Terrelle Pryor Isn’t Raiders’ Best Quarterback Right Now, But He Is Oakland’s Best Hope for Future


Terrelle Pryor, Kevin ReddickMatt Flynn just can’t catch a break.

After signing a three-year, $26 million deal to become the Seattle Seahawks’ starting quarterback last offseason, Flynn was overshadowed by a rookie by the name of Russell Wilson during the preseason and was banished to the bench for all but nine passes in 2012. Almost one calendar year later, Flynn must be having deja vu.

On Tuesday, the Raiders named third-year quarterback Terrelle Pryor as the starter for Week 1, and presumably the 2013 season. Pryor winning the job makes it two consecutive preseasons that Flynn has lost hold of a starting spot, and it may signal the end of hopes that he could be anything more than a competitive backup.

When you glance at their final preseason numbers — which are eerily similar (Flynn: 19 of 27 for 180 yards, one touchdown and two interception; Pryor: 17 of 32 for 221 yards, one touchdown and two interceptions) — it’s clear that neither player established themselves as the clear victor. But, the lack of a true winner is actually what gave Pryor the edge.

The Raiders are not expected to be very good this year, or anytime in the near future for that matter. They are sitting patiently in the rebuilding dock in the Port of Oakland, choosing their players carefully and taking the risks necessary to succeed. That being said, a rebuilding team isn’t the type that needs to rely on a steady, efficient and limited passer like Flynn. They need a dynamic, explosive quarterback who’s capable of making plays with his legs as well as his arm. Pryor is that guy.

No. Pryor isn’t an experienced decision maker or a reliable passer. He still struggles with accuracy at times and, even with impressive arm strength, he lacks the touch to turn his deep balls into big plays right now. Those deficiencies will keep Pryor from comparisons to the likes of Colin Kaepernick or Wilson and they’ll keep the Raiders from making the playoffs anytime soon. But there is plenty to like about Pryor’s game already and room for improvement in those other areas as well.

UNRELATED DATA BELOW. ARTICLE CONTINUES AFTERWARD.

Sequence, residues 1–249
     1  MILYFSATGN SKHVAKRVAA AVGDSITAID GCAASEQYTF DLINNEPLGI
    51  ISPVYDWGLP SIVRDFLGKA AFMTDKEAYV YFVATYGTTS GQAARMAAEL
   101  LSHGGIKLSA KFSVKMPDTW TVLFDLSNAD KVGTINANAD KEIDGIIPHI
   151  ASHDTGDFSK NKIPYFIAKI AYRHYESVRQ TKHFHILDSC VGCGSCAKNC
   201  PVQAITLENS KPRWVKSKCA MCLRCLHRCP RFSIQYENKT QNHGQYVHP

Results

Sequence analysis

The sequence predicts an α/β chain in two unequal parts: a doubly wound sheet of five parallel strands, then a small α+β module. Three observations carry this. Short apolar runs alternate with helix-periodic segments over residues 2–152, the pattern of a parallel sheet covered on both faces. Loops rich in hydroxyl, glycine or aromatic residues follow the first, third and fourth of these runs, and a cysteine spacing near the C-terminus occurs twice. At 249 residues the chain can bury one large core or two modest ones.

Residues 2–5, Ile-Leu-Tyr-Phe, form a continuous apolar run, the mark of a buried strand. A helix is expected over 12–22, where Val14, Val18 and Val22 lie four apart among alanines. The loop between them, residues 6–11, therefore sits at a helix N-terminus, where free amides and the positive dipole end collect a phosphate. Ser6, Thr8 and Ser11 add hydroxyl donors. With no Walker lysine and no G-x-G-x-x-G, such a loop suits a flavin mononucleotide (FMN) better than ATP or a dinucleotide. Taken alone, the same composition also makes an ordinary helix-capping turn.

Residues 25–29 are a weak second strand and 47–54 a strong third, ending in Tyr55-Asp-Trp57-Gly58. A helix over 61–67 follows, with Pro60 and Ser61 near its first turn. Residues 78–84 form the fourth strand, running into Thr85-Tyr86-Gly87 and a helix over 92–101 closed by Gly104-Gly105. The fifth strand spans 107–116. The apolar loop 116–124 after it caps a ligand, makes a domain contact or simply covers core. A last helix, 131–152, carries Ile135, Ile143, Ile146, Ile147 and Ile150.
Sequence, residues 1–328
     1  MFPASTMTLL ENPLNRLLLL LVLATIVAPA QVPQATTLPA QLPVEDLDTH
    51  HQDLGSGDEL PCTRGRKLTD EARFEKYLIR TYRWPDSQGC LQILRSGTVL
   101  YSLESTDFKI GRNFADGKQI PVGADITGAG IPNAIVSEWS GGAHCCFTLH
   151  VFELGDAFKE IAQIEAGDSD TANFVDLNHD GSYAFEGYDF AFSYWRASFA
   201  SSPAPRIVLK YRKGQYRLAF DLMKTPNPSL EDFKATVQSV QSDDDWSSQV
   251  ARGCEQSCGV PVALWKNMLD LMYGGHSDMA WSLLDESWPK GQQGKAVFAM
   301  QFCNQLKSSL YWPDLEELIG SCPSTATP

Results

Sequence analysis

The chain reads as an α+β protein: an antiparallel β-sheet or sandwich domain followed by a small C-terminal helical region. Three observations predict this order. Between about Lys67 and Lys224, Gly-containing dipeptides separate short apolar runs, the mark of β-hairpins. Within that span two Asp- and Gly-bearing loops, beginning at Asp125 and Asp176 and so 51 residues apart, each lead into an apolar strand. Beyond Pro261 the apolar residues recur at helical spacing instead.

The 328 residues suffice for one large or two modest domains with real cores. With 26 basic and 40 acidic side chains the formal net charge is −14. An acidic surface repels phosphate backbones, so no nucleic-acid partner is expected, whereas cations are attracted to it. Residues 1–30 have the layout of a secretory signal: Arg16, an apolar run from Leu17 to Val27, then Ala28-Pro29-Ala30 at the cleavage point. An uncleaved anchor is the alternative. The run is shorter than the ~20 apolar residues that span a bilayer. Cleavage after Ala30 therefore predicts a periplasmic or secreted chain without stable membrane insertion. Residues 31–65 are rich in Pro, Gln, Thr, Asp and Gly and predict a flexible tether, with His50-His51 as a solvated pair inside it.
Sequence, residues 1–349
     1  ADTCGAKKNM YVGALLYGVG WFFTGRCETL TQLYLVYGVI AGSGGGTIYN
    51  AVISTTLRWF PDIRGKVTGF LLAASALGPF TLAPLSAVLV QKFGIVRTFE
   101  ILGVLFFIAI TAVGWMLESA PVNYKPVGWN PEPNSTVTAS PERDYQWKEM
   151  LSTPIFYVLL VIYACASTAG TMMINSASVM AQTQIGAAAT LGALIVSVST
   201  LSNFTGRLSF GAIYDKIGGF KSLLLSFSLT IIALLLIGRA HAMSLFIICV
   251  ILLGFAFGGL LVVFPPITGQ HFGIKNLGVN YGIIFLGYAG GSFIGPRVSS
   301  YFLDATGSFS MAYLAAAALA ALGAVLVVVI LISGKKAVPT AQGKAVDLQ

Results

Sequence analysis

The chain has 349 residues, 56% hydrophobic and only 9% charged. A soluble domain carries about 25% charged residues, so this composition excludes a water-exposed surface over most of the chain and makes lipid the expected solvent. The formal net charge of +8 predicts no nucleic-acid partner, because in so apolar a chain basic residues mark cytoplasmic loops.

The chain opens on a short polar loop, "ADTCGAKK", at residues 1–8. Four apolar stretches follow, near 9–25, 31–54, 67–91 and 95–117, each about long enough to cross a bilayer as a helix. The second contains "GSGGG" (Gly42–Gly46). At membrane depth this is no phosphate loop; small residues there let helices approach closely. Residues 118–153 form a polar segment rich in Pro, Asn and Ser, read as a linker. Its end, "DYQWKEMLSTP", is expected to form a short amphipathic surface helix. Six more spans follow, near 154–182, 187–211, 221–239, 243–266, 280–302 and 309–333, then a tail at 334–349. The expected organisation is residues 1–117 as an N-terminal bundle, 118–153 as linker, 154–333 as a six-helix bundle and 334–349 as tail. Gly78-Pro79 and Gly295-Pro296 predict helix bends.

Pryor, 24, does have that big arm that we quickly glazed over in the last paragraph. He’s also developed a good rapport with the Raiders’ motley crew of receivers, including expected No. 1 Denarius Moore, this preseason and seems to have a pretty good handle on the offense at this point.

Then, of course, there’s the obvious athleticism that puts him in a whole different category than Flynn. Pryor displayed gamebreaking speed during three seasons at Ohio State, which is what caught the attention of NFL scouts more than anything. Some experienced executives saw Pryor as more of a skill position prospect than a quarterback — and that might have been his evaluation if he ever made it to the combine, which just speaks to his athleticism. That elusiveness has already been on display this preseason as Pryor was the Raiders’ leading rusher, carrying the ball 14 times for 131 yards and a touchdown, and could be a huge advantage for an otherwise limited Raiders offense.

Pair Pryor with a healthy Darren McFadden and opposing defenses will have to gameplan for Oakland in the same way they do for Wilson, Marshawn Lynch and the Seahawks or even Cam Newton, DeAngelo Williams and the Panthers. With Pryor under center they suddenly have the ability to run some read-option sets or even work out of the pistol, which will only further complicate things for defenses. That’s an element the Raiders would never have with Flynn and one that could steal Oakland an extra win or two.

The Raiders might only win three or four games this season, no matter who’s starting at quarterback, but Pryor offers far more upside than any of their other options. Flynn is what he is and has little, if any, room left to develop. On the other hand, Pryor is young, athletic and still has a ton of potential to unlock. There is a chance, whether good or not, that Pryor will be the Raiders’ quarterback of the future, and, with no realistic shot at the postseason, it makes more sense to give him the chance to shine now.

Maybe Pryor isn’t the best quarterback on the Raiders’ roster right now, but he is the only realistic hope for the future on the team today. Now, he at least has the chance to prove himself.

Have a question for Luke Hughes? Send it to him via Twitter at @LukeFHughes or send it here.

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